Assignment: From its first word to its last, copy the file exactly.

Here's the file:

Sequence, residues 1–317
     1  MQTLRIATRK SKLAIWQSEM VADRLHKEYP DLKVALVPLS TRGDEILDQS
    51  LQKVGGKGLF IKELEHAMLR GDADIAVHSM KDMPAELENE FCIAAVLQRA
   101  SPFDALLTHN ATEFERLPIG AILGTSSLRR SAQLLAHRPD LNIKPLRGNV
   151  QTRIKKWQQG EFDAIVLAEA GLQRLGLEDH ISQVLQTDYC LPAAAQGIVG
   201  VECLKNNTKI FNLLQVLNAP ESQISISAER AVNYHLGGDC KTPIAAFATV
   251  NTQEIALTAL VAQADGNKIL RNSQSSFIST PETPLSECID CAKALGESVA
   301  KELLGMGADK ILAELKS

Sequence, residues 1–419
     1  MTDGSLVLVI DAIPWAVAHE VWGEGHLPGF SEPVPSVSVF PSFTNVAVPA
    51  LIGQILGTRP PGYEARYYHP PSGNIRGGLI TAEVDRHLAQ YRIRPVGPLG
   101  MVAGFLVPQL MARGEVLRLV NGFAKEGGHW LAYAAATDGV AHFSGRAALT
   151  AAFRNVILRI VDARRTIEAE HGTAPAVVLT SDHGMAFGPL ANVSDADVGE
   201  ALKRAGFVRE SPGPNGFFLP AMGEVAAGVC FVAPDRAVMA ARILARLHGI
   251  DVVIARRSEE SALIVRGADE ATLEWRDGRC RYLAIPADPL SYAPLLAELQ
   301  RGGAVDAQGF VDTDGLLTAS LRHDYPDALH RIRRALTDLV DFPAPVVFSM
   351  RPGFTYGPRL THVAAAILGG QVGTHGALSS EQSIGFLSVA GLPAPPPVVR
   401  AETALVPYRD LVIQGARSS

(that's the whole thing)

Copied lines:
Sequence, residues 1–317
     1  MQTLRIATRK SKLAIWQSEM VADRLHKEYP DLKVALVPLS TRGDEILDQS
    51  LQKVGGKGLF IKELEHAMLR GDADIAVHSM KDMPAELENE FCIAAVLQRA
   101  SPFDALLTHN ATEFERLPIG AILGTSSLRR SAQLLAHRPD LNIKPLRGNV
   151  QTRIKKWQQG EFDAIVLAEA GLQRLGLEDH ISQVLQTDYC LPAAAQGIVG
   201  VECLKNNTKI FNLLQVLNAP ESQISISAER AVNYHLGGDC KTPIAAFATV
   251  NTQEIALTAL VAQADGNKIL RNSQSSFIST PETPLSECID CAKALGESVA
   301  KELLGMGADK ILAELKS

Sequence, residues 1–419
     1  MTDGSLVLVI DAIPWAVAHE VWGEGHLPGF SEPVPSVSVF PSFTNVAVPA
    51  LIGQILGTRP PGYEARYYHP PSGNIRGGLI TAEVDRHLAQ YRIRPVGPLG
   101  MVAGFLVPQL MARGEVLRLV NGFAKEGGHW LAYAAATDGV AHFSGRAALT
   151  AAFRNVILRI VDARRTIEAE HGTAPAVVLT SDHGMAFGPL ANVSDADVGE
   201  ALKRAGFVRE SPGPNGFFLP AMGEVAAGVC FVAPDRAVMA ARILARLHGI
   251  DVVIARRSEE SALIVRGADE ATLEWRDGRC RYLAIPADPL SYAPLLAELQ
   301  RGGAVDAQGF VDTDGLLTAS LRHDYPDALH RIRRALTDLV DFPAPVVFSM
   351  RPGFTYGPRL THVAAAILGG QVGTHGALSS EQSIGFLSVA GLPAPPPVVR
   401  AETALVPYRD LVIQGARSS